Slide Stops Shanking Users

Apparently there has been a little bit of an uproar over the past few days over one of the actions on Slide’s SuperPoke application. Users were able to “shank” each other. “Shank” is a slang term which refers to stabbing other people. The action was considered distasteful as there have been a number of London teenagers who have been killed this year in violent attacks. Slide decided to have the feature removed following being contacted by the Sun. When asked to comment on the issue a Slide spokesman stated:

“Slide does not condone violence whatsoever, and our SuperPoke! application is meant to foster fun, virtual communications between friends. We have removed this particular action as it misrepresents the SuperPoke! brand”

This highlights the complex relationship that developers have with Facebook. Don’t expect the SuperPoke application to be approved for Facebook’s new Great Apps Program anytime soon. Whether or not this was Facebook’s call is debatable. One user on Facebook simply suggested that users not use the feature. Unfortunately it wasn’t within a user’s control to prevent themselves from being shanked by other people. As such, the feature was shut down.

Slide has been in contact with us and they said that it appears that the Sun put an interesting twist on the story. Slide has not been contacted by Facebook about shanking users. Apparently the Sun blew this out of proportion and the article spread around various media outlets, including the multiple sources I received this information from. Gawker provides a good take on the story. Slide sent me the following comment:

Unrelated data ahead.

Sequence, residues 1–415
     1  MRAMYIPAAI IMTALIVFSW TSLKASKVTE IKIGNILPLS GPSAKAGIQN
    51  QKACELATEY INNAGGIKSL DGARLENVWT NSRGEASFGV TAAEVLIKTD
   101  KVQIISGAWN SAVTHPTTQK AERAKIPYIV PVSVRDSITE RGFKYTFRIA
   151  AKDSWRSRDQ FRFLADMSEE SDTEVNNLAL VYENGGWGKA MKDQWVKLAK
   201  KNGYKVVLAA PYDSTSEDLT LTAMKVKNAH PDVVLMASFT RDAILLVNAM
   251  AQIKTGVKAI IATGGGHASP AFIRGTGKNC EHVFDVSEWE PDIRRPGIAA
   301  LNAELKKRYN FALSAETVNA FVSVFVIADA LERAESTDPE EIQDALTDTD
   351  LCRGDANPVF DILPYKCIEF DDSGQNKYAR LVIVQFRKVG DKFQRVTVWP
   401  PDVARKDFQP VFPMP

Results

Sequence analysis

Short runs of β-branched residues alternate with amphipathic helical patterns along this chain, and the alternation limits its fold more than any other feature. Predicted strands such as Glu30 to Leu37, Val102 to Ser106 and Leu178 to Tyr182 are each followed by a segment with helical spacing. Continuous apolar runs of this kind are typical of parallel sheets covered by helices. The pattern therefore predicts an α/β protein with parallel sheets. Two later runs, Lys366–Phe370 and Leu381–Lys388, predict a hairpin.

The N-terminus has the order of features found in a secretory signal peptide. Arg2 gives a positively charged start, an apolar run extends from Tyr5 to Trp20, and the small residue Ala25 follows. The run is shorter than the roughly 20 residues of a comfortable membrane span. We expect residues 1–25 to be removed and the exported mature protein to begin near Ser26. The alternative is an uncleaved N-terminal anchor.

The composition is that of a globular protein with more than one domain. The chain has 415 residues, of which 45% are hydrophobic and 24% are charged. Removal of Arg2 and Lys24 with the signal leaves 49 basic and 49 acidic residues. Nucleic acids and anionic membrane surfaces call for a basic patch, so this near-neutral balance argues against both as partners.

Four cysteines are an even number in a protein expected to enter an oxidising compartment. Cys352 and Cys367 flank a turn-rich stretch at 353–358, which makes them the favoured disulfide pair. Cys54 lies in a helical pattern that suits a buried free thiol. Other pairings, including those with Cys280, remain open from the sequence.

1) Facebook did not force us to do anything; we were contacted by The Sun last week – the first time we had even heard that there might even be a hint of misunderstanding about this particular action. We immediately removed the action because it is true that it does not represent the SuperPoke! brand, which is about fun, often silly, messages that friends send to each other. We also gave The Sun immediate comment, which they did not include in their initial coverage.

2) There has never been a user outcry; we have millions of SuperPoke! users and get comments from them all the time – the vast majority are positive and no one has complained about violence. The Sun is a tabloid and sensationalized this story to the extreme – they have never told me who they were getting their claims from.

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